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Feeling Sad? Blame it on the weather

Feeling Sad? Blame it on the weather

As the nights draw in and the days get shorter, often we wake in the dark, and see the sun set before we’ve left our desks; many may feel we hardly see any sunlight at all. Along with these changes, some people experience an emotional change, too. Here we uncover the truth behind seasonal affective disorder – the signs and symptoms, along with the ways to combat the condition.

Many of you are familiar with those days when you experience feeling generally fed up, and are not quite sure why. You might try to pass it off as being a little “under the weather”, as you reach for those comforting, carbohydrate-rich foods instead of your usual healthier option – after all, how else are you going to support your dwindling energy levels, and find the motivation needed just to get through the day?

Of course, it’s normal to experience those occasional “off days”, when our mood suddenly seems to take a nosedive for no apparent reason. However, if those days start increasing in frequency, and those simple daily tasks become too much of a chore, or perhaps fun things like meeting up with friends feel like too much effort, then it may be a good idea to get checked out.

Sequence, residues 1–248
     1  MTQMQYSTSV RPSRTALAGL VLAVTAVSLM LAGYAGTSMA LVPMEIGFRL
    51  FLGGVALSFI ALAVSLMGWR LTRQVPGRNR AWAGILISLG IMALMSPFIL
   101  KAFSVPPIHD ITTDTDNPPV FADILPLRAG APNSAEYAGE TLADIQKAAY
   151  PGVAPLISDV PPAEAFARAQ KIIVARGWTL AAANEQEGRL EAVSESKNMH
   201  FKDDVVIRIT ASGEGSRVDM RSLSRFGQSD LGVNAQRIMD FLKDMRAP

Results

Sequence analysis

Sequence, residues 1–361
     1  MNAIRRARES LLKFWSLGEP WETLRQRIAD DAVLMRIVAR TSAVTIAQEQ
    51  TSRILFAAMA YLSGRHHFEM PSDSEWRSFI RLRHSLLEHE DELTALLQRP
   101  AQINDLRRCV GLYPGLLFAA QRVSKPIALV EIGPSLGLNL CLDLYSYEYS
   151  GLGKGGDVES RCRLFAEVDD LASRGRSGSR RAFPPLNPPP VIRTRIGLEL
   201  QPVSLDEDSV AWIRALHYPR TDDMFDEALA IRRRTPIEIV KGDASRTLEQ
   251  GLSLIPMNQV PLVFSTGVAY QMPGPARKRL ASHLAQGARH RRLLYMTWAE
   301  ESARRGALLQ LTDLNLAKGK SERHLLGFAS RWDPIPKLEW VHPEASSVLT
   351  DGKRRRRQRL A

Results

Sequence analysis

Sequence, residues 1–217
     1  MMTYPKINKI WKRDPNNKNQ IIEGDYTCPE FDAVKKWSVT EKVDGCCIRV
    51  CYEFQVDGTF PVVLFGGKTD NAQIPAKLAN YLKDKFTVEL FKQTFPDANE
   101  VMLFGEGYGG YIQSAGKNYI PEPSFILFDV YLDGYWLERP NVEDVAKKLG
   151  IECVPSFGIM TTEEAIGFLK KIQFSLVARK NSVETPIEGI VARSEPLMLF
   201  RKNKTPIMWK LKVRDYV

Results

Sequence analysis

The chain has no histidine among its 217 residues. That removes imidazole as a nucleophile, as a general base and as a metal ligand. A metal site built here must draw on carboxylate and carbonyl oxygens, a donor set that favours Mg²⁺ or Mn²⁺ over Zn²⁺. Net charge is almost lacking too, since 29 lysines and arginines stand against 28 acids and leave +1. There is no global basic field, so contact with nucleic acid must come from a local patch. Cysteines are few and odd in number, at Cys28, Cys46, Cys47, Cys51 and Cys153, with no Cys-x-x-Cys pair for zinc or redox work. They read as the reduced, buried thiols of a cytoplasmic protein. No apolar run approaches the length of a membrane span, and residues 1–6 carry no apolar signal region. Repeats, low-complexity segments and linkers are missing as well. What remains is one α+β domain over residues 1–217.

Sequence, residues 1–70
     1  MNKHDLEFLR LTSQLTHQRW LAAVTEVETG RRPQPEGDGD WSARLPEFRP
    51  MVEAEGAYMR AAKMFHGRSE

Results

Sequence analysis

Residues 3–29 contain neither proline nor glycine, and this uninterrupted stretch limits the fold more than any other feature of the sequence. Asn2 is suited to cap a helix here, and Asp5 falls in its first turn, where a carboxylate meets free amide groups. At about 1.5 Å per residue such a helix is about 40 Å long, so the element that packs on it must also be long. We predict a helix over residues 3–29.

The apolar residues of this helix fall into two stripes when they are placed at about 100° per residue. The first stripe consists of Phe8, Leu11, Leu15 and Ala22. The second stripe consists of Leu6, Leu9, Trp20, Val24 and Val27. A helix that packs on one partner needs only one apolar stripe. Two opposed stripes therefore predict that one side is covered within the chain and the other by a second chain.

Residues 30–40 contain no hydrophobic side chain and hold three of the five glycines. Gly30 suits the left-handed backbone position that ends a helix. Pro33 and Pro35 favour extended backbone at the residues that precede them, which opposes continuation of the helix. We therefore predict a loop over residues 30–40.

The reality is you may be one of the many people experiencing a condition known as seasonal affective disorder, or its appropriately named acronym, SAD.

What is SAD? 

SAD is a mood disorder subset in which people who have stable mental health most of the time, experience depressive symptoms over the same period each year, most commonly during the autumn and winter months. While we do not fully understand what causes SAD, experts believe that the reduced amount of daylight at this time of year is a major contributing factor.

What are the symptoms to look out for? 

While the symptoms are similar to those associated with the chronic, and at times debilitating, mental health condition known as depression, the warning signs invariably appear as winter approaches, and disappear as springtime emerges. Symptoms are often milder in the autumn months, but worsen as the hours of natural daylight diminish.

Symptoms include:

  • Low mood and despair
  • Anxiety
  • Feeling stressed
  • Reduced libido
  • Indecision
  • Irritability